The Emancipation Proclamation went into effect on January 1st, 1863. Other than our Declaration of Independence and our Constitution, there is no more important primary document in our nation’s history. It effectively ended slavery in the U.S. The Thirteenth Amendment to our Constitution made the abolishment of slavery official, but President Lincoln’s Proclamation made the Constitutional change possible. I’ve prepared common core activities that will open this document for young people and posted them for free on TPT. Teacher friends and colleagues, you’ll find the full text of the Proclamation, vocabulary building, directed reading, reciprocal teaching questions and a poster assignment to help involve students with this crucial primary document. Please let me know how all this works with your students!
I like to speculate on what might be just around the corner. I did so in my story “Make My Day” and the Saturday Writers fiction contest judges found my speculations (an app for your smart phone that offers classic movie lines?) interesting enough to award it first place in this year’s competition. You’ll have to wait until November or so for the story to be published, but my interview in the Saturday Writers newsletter is here: http://www.saturdaywriters.org/newsletter.html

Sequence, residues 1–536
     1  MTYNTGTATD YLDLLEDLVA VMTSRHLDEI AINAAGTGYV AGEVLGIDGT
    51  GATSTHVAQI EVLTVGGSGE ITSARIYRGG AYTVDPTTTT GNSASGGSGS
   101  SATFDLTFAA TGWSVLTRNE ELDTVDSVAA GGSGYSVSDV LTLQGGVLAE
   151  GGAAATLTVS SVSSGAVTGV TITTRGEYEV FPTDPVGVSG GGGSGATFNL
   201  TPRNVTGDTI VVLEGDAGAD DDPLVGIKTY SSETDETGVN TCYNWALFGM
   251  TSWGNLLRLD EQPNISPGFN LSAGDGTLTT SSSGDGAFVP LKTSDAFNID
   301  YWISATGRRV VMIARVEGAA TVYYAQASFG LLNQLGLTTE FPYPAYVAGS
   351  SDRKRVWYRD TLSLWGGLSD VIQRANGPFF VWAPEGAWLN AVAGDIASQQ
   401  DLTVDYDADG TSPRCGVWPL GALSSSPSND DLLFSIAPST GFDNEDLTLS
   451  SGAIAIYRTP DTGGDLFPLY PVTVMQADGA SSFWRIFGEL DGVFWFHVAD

Photo by Ed Haskell
I recently discovered a great poem by Andrew Hudgins: At Chancellorsville. As most of you know by now, the Civil War is an abiding interest of mine. I’ve found that the personal moments, the insignificant details truly bring home the horror and tragedy of the War. At Chancellorsville offers such details, such moments. I’ve prepared common core activities that I hope will open this poem for young people. I’ve provided directed reading, scripted reading, reciprocal teaching, research questions and a poster assignment to help involve students with Hudgins’ words and with the turbulent times in which he lived.
I recently sat in my place beside the Tuolumne River at dawn while son Jon slumbered in the tent. I wrote a modest poem that paired up well with a Yosemite photo of his from some years back. The kid helps me get published! Thanks to editor Lorette Luzajic of the Ekphrastic Review! Here’s the link: http://www.ekphrastic.net/ekphrastic/yosemite-tryst-by-robert-walton
Friend and Colleague John Miller recruited me to contribute to his teaching unit on Medieval Japan a couple of years ago. One of the tanka I wrote as an example for the students was included in the Tanka Journal # 3. Another was just published in Tanka Journal #4. A print edition is available from Prolific Press. Here’s a link to the online journal:
Photo by Wayne Thompson
Poet and writer Hardeep Sabharwal recently interviewed me for his blog. It was a good conversation. His questions spurred me to think more deeply than I usually do about our shared craft. Take a peek and please comment if you wish!